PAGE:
Howard Sherman’s in-your-face aesthetic and cartoon-like drawing pays homage to Keith Haring and especially Jean-Michel Basquiat, whose street-art inspired paintings ran counter to the Minimalist establishment. Their art challenged Minimalist emphasis on finish and intention in a work of art.
Sherman started his career as an editorial cartoonist, but he quickly moved into painting, earning a MFA from North Texas in 2006. Over the last several years I have been watching his work develop. (Full Disclosure, as an art advisor I have placed several of his paintings and drawings in private and corporate collections.) Howard Sherman’s exhibition of new work runs through October 15th at McMurtrey Gallery.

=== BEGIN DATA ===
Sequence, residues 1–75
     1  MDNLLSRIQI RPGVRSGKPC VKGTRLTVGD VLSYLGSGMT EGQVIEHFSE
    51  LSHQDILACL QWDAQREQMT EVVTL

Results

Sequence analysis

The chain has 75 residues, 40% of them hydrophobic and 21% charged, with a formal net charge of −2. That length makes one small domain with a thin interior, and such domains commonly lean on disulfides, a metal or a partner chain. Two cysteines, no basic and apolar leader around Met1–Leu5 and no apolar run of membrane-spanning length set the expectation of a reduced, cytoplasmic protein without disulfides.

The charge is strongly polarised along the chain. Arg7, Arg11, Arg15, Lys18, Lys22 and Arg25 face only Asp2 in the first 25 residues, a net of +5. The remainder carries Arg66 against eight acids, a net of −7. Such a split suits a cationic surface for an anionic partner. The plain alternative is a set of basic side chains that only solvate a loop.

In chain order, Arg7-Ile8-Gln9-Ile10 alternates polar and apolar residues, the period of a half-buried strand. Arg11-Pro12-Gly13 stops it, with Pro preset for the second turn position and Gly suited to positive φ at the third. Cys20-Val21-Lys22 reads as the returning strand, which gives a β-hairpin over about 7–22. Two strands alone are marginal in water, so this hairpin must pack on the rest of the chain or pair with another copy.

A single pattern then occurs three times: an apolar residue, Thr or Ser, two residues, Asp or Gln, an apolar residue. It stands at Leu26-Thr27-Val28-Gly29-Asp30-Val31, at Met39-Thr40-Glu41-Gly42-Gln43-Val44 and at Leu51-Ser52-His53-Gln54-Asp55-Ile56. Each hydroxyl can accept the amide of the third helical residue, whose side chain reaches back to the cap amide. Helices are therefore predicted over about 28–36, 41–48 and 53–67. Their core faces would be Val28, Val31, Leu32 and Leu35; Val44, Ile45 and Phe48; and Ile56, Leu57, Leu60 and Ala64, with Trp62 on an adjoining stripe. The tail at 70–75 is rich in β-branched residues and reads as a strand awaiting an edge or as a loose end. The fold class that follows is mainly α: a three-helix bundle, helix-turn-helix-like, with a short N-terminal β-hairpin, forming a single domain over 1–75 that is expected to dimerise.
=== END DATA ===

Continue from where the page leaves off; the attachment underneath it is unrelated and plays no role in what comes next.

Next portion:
Like Basquiat, Sherman’s paintings are messy and immediate and personal and pointed. They are humorously aggressive and reflect the multivalent and chaotic world we live in. In a world that increasingly requires constant editing of information overload, these paintings grab your attention like a slap in the face.
Despite his works’ seeming randomness, Sherman knows where he is going, what he is doing, and what he is communicating. It is almost as though the artist turns Basquiat up a notch, producing paintings and drawings that run roughshod over good taste.
In his most recent work, Sherman includes more textual reference, which seems a little too didactic, but nevertheless, the paintings are worth the intrusion. Considering the paintings are intrusive anyway, the text may not matter. Where Basquiat’s self-destruction cut his promising career short in 1988, Sherman definitely is going somewhere.